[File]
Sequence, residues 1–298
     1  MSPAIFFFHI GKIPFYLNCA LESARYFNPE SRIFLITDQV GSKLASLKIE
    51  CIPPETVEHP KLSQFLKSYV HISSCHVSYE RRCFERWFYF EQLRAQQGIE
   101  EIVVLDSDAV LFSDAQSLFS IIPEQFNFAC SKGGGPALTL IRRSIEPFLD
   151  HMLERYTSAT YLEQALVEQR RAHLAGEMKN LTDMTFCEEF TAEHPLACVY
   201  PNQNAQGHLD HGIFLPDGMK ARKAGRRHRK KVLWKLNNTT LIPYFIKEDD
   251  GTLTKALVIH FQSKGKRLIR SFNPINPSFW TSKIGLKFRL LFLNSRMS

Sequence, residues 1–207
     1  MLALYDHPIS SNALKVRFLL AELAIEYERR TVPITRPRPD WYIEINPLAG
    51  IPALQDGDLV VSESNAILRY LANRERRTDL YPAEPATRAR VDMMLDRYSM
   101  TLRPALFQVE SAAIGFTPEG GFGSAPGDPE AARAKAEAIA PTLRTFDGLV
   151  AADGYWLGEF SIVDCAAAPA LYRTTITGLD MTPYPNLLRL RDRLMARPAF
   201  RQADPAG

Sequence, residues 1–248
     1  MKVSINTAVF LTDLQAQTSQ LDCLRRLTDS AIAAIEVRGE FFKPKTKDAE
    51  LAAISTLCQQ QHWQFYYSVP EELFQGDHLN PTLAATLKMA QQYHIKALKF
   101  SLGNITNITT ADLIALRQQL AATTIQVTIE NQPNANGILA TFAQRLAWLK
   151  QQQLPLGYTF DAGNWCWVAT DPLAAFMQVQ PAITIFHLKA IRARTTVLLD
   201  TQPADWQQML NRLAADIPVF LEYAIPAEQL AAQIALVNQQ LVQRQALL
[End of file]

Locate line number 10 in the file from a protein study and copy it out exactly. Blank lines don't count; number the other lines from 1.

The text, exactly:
    51  IPALQDGDLV VSESNAILRY LANRERRTDL YPAEPATRAR VDMMLDRYSM